Mars in a Minute: How Hard Is It to Land Curiosity on Mars?


June 07, 2012

Curiosity's dramatic landing on Mars is the most difficult and nail-biting part of the whole mission. This 60-second video from NASA's Jet Propulsion Laboratory shows what it takes to touch down successfully.


TRANSCRIPT

On a scale from one to 10, landing on Mars is a 20! Curiosity is the biggest, most capable Mars rover yet, and needs a new type of landing to reach the ground safely. In this seven-minute trip to the surface of Mars, we have to slow down from over 13,000 miles an hour down to zero. Hundreds of things have to go just right. Curiosity must:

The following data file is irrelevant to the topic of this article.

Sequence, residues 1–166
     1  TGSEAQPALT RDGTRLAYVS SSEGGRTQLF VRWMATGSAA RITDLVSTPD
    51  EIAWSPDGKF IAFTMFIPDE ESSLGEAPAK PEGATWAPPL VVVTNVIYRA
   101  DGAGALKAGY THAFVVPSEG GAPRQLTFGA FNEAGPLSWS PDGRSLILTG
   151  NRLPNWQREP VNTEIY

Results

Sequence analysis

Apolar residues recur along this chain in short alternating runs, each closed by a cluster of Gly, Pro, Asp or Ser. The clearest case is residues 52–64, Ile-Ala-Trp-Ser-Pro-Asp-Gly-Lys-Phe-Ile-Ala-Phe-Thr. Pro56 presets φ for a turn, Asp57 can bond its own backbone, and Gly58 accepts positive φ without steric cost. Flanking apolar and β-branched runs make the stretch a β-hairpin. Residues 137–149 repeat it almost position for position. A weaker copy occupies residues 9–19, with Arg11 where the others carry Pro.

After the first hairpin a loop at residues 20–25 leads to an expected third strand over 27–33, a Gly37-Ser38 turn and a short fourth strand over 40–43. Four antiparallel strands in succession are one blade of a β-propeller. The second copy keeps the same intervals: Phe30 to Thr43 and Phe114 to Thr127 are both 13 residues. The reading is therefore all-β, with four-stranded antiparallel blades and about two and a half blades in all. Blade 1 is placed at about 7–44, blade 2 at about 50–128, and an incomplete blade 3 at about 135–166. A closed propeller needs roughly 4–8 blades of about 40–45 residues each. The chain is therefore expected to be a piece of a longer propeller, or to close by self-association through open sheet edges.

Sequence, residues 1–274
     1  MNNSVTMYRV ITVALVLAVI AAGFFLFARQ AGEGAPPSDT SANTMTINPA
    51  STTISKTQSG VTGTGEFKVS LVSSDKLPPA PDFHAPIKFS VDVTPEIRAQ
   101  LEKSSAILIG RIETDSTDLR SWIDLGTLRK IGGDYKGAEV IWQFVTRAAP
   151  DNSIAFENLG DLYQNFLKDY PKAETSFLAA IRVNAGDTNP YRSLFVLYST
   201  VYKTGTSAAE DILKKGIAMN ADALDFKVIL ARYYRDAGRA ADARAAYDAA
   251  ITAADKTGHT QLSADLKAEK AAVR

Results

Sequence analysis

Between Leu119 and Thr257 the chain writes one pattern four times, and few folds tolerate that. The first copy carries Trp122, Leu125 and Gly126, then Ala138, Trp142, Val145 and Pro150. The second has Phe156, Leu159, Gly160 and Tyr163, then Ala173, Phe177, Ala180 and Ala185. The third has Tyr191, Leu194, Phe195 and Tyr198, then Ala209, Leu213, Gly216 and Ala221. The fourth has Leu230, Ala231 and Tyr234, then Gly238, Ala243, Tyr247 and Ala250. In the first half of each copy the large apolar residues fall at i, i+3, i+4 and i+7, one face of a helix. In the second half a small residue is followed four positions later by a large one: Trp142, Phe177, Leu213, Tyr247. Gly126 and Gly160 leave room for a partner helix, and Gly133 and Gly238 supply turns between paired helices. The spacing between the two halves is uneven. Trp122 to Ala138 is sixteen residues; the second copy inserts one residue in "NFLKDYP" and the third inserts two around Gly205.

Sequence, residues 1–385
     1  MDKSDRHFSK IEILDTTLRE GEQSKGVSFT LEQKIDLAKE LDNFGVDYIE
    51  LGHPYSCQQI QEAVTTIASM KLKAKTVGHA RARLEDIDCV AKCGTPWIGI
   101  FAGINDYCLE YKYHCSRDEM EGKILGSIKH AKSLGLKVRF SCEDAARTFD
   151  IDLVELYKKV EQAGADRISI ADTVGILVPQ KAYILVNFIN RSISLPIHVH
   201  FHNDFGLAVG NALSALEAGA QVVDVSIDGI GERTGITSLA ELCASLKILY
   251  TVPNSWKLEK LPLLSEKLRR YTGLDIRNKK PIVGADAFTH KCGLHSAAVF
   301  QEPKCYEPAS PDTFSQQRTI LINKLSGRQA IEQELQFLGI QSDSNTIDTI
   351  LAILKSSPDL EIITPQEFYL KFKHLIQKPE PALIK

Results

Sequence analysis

• hit the atmosphere at just the right angle

  • endure extreme heat from friction as it descends through the atmosphere

  • open its parachute at just the right time

  • use radar to know exactly how high it is

  • free itself from the parachute

  • perfectly fire eight rocket engines to slow final descent

  • drop down, dangling on four cables

  • lock its wheels in place just before landing

  • and cut the cables right at the moment of touchdown.

And, even if we do everything right, Mars can always surprise us. It's a big challenge, but a big opportunity to help unlock the mysteries of Mars.

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